CO-Horts

CO-Horts

Monday, January 15, 2018

Arthritis and Farming


Arthritis and Farming
By Linda Langelo, CSU Horticulture Program Associate
 
Arthritis is a debilitating disease that afflicts some 54 million citizens in the United States.  This disease does not discriminate across age, gender or race.  Farmers are among the afflicted.  Being a farmer is a massive job where you need your body to be flexible and in minimal pain to farm effectively. This is not to exclude ranchers and gardeners.  Unfortunately, farmers are at a higher risk for arthritis according to the Arthritis Foundation.  Yes, all types of farming operations and farmers can be in this group.  Beyond the main types of farming operations of corn, wheat, millet and potato farms, the photos below demonstrate the varied types of farms which include tree nurseries, watermelon/cantaloupe farms and organic farming just to name a few. 
 
 
Photo Credit: Wikipedia

Photo Credit: Wikipedia

Photo Credit: Balance.com
 
 
 
 
Osteoarthritis is the arthritis that most commonly affects farmers and ranchers.  This is when the cartilage –the gliding surface of a joint- is destroyed.  Then, the joint rubs bone on bone creating bony overgrowths called “spurs”.  Osteoarthritis is a heredity disease.  Being overweight can cause this as well.  How?  According to the Arthritis Foundation for every pound you gain adds four pounds of additional stress to your knees.  Worst of all, this translates to six times the pressure on your hips.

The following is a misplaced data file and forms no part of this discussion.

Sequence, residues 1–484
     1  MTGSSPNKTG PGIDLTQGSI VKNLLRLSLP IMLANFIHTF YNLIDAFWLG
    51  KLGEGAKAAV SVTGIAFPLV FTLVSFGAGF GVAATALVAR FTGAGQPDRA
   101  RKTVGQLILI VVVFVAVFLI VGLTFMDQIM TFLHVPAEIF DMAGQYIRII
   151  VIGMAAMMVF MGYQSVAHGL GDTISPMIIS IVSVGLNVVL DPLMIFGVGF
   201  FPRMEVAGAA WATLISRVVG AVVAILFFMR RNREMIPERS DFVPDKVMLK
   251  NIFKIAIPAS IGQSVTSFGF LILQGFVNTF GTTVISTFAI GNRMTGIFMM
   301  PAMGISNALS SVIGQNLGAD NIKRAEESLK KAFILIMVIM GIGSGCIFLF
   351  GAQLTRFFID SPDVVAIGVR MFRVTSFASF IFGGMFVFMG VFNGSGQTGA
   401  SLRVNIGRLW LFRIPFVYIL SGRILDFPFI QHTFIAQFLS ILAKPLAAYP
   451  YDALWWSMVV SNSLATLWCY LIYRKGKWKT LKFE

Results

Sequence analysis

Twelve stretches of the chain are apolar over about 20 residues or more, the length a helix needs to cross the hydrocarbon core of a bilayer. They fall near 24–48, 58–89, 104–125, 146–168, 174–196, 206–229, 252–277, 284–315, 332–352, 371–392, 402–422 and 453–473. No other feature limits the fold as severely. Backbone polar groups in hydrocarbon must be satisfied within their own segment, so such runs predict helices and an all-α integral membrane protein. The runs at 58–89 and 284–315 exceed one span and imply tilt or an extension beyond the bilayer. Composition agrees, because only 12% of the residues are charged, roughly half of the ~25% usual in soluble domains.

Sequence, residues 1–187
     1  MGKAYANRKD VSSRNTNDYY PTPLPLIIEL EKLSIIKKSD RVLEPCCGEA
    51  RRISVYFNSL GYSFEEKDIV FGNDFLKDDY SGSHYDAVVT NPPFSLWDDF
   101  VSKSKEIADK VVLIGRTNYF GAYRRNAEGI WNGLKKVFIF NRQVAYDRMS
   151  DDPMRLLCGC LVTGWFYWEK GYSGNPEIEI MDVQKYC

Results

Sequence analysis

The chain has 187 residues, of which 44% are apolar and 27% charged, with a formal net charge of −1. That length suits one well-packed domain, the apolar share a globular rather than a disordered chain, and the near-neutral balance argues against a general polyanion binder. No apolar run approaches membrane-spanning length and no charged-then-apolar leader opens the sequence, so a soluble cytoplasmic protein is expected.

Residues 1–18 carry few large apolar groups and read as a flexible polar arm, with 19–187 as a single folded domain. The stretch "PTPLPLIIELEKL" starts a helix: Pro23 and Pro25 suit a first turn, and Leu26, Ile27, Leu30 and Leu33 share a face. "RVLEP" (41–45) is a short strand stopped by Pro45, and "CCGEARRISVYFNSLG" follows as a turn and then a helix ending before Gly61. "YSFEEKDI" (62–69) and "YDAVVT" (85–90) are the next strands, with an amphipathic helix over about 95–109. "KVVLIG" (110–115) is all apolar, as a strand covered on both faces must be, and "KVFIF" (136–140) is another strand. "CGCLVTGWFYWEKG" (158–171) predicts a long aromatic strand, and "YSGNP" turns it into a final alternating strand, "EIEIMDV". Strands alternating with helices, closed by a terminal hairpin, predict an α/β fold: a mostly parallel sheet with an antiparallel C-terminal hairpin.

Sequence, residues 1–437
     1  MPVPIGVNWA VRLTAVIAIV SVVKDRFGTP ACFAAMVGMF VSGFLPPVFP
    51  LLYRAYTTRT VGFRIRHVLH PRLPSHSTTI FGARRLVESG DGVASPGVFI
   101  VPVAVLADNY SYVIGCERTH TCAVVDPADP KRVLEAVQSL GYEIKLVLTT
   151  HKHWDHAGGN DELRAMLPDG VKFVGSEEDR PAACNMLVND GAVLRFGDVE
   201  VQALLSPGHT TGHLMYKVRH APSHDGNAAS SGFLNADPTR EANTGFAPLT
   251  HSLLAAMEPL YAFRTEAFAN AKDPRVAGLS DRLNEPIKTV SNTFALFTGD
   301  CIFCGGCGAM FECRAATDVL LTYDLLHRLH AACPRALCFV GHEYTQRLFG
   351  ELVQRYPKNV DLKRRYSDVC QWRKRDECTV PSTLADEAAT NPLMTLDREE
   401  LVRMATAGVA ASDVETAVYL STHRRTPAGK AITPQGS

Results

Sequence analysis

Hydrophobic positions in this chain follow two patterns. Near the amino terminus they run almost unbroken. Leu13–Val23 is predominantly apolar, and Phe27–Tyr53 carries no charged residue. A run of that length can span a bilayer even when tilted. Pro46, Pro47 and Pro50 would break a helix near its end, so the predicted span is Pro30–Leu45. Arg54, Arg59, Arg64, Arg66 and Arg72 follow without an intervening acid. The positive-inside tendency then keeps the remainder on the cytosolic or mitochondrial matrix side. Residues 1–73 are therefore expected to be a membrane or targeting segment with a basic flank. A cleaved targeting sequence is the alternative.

As with gardeners, farmers do frequent heavy lifting and repetitive motions, such as constantly bending and kneeling.  The average age of our farmers in the United States is 58 years.  If those farmers have been bending and kneeling for 30 or 40 of those years, it sets the stage for arthritis.
The best thing to do is go to a doctor or visit a rheumatologist for a correct diagnosis.  Then, there are many options such as exercises which help with strength training, range-of-motion, fitness and endurance.
 
The Arthritis Foundation states that resting during the day is beneficial.  They also state that a good night’s sleep goes a long way to resting the joints.  Pacing yourself through the day by scheduling and taking breaks.  Changing the type of repetitive motion that you do over a twenty minute period.  This sounds like a lot of work even for a gardener.  It is more about rethinking what you do because you are learning a new habit.  It is not always possible to hire someone or pass tasks along to other members of the family.  Taking the time to rethink and invest in yourself helps you preserve the business you have worked your entire life.  You are worth investing in your health.
 
If you wish to research more information go to http://www.agrability.org/wp-content/uploads/2015/11/Arthritis_and_Ag.pdf .
 
 

3 comments:

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  2. I love gardening but I have had severe pain in my knees for several years. I developed my knee pain from 15 years as a roofer. It is spring time here and just about time to plant the garden again. This is a very interesting article indeed.

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